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primes between squares calcs

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  • Bill
    Aah! It s good to see my favorite math problem, the number of primes between squares, reappear on primenumbers, and while it is up, I would like to mention
    Message 1 of 5 , Dec 8, 2010
      Aah! It's good to see my favorite math problem, the number of primes between squares, reappear on primenumbers, and while it is up, I would like to mention Capelle's wondeful conjecture A, posted here on primenumbers Sept 4, 2005, message number 16999. It is an extension of Legendre's conjecture, which he uses as a basis for his expansive formula.
      Capelle conjecture A is:
      Pi((m+1)^n) - Pi(m^n) >= m^(n-2) for n>=2, m>=1 .
      Legendre's conjecture claims there is at least one prime between the squares of consecutive integers, and is Capelle's case with n=2 and m = 1.

      I have some ideas how Capelle's conjecture can be made even more powerful, and I have done several handfulls of calculations to check the viability of my approach, but I of course need to do a lot more calculations. Can anyone direct me to a database that tells me the number of primes between two positive integers, or perhaps has someone checked out Capelle's conjecture A to any significant degree? Any leads or previous work would lighten my task.

      Thanks, Bill Oscarson
    • Patrick
      ... http://tech.groups.yahoo.com/group/primenumbers/message/17020 Patrick Capelle
      Message 2 of 5 , Dec 9, 2010
        --- In primenumbers@yahoogroups.com, "Bill" <bill2math@...> wrote:
        >
        > Aah! It's good to see my favorite math problem, the number of primes between squares, reappear on primenumbers, and while it is up, I would like to mention Capelle's wondeful conjecture A, posted here on primenumbers Sept 4, 2005, message number 16999. It is an extension of Legendre's conjecture, which he uses as a basis for his expansive formula.
        > Capelle conjecture A is:
        > Pi((m+1)^n) - Pi(m^n) >= m^(n-2) for n>=2, m>=1 .
        > Legendre's conjecture claims there is at least one prime between the squares of consecutive integers, and is Capelle's case with n=2 and m = 1.
        >
        > I have some ideas how Capelle's conjecture can be made even more powerful, and I have done several handfulls of calculations to check the viability of my approach, but I of course need to do a lot more calculations. Can anyone direct me to a database that tells me the number of primes between two positive integers, or perhaps has someone checked out Capelle's conjecture A to any significant degree? Any leads or previous work would lighten my task.
        >
        > Thanks, Bill Oscarson
        >


        http://tech.groups.yahoo.com/group/primenumbers/message/17020

        Patrick Capelle
      • Bill
        OOPs! I left out a in my definition of Legendre s conjecture. Legendre s conjecture is of course for n=2 and m = 1. My apologies Bill
        Message 3 of 5 , Dec 9, 2010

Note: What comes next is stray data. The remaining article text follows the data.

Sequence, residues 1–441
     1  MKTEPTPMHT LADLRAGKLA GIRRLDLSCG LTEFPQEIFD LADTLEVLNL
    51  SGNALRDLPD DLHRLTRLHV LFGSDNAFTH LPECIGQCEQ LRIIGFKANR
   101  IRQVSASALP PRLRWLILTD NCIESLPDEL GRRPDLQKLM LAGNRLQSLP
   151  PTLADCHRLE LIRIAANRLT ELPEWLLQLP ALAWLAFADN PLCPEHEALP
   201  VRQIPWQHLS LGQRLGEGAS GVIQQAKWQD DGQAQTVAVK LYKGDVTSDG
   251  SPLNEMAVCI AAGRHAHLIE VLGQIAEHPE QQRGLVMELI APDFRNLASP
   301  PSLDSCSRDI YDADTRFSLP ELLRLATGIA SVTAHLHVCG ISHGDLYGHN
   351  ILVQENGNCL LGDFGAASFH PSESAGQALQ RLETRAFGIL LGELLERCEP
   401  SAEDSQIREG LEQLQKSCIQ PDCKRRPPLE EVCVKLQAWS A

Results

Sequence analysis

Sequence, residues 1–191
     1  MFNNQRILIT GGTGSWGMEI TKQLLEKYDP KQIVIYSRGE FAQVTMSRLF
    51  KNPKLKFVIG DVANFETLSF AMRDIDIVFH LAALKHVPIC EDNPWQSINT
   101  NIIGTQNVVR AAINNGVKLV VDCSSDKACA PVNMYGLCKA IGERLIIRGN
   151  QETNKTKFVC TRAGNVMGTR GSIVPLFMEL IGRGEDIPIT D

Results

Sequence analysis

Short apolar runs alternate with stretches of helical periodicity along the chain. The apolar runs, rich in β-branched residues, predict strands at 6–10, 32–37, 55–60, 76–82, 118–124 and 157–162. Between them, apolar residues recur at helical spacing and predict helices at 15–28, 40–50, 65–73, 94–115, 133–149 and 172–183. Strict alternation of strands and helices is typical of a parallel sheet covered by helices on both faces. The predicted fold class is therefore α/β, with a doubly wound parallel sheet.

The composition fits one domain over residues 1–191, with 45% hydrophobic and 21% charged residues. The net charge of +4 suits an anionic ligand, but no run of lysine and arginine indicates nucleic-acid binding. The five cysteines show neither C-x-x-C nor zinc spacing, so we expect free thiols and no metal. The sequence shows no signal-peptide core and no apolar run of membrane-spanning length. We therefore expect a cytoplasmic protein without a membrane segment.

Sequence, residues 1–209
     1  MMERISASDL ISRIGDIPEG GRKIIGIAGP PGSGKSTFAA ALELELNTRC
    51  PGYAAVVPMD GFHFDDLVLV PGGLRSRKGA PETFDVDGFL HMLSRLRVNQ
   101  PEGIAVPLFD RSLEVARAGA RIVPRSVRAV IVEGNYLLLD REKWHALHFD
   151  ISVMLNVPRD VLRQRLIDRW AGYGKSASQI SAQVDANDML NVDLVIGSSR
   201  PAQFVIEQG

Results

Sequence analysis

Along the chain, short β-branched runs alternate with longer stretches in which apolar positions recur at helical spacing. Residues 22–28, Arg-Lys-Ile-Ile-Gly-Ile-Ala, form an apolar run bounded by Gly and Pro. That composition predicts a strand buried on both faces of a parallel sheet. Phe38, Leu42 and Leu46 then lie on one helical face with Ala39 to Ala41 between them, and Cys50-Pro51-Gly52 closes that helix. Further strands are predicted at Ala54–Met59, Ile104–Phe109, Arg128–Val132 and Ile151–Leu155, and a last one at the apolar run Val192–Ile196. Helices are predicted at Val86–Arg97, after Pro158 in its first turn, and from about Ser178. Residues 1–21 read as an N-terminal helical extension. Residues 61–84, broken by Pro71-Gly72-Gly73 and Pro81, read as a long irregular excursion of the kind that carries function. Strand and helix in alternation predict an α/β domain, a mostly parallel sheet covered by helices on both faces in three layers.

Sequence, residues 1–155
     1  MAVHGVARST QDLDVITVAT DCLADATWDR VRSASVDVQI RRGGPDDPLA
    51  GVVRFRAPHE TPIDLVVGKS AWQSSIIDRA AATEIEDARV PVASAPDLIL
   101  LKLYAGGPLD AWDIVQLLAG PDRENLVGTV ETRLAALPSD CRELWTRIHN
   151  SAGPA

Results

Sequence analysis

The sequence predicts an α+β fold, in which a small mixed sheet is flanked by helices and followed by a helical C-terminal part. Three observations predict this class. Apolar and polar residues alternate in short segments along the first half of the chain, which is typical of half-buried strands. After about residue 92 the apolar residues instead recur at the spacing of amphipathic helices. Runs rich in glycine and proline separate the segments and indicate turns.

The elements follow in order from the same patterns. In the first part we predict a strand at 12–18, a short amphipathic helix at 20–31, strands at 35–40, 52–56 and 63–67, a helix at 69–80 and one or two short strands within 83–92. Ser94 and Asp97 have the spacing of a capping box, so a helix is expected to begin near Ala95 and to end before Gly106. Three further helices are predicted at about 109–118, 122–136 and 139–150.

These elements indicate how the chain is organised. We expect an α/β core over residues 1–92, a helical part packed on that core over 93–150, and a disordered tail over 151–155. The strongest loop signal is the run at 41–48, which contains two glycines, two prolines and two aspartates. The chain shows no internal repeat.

OOPs! I left out a ">" in my definition of Legendre's conjecture.
          Legendre's conjecture is of course for n=2 and m >= 1.
          My apologies Bill
        • Aldrich
          ... Intuitively Legendre s conjecture would appear to be true: the rate of growth of the gap between squares looks like it would far exceed the rate of growth
          Message 4 of 5 , Dec 12, 2010
            --- In primenumbers@yahoogroups.com, "Bill" <bill2math@...> wrote:
            >

            > Legendre's conjecture claims there is at least one prime between the squares of consecutive integers, and is Capelle's case with n=2 and m = 1.
            >

            Intuitively Legendre's conjecture would appear to be true: the
            rate of growth of the gap between squares looks like it would
            far exceed the rate of growth in the average gap between primes.
            However the pattern of these gaps can be very uneven and I believe that
            it HAS been proven that the gap between primes can be arbitrarily
            large. This does not disprove Legendre's conjecture - probably
            the only way to do that would be to find a counterexample. Good
            with that project!

            a.
          • Paul Leyland
            ... The proof is trivial. For prime p, all integers n s.t. p!+1
            Message 5 of 5 , Dec 12, 2010
              On Sun, 2010-12-12 at 10:13 +0000, Aldrich wrote:
              > However the pattern of these gaps can be very uneven and I believe
              > that
              > it HAS been proven that the gap between primes can be arbitrarily
              > large. This does not disprove Legendre's conjecture - probably

              The proof is trivial. For prime p, all integers n s.t.
              p!+1 < n <= p!+p are divisible by at least one prime <= p and p can be
              taken arbitrarily large.

              Paul
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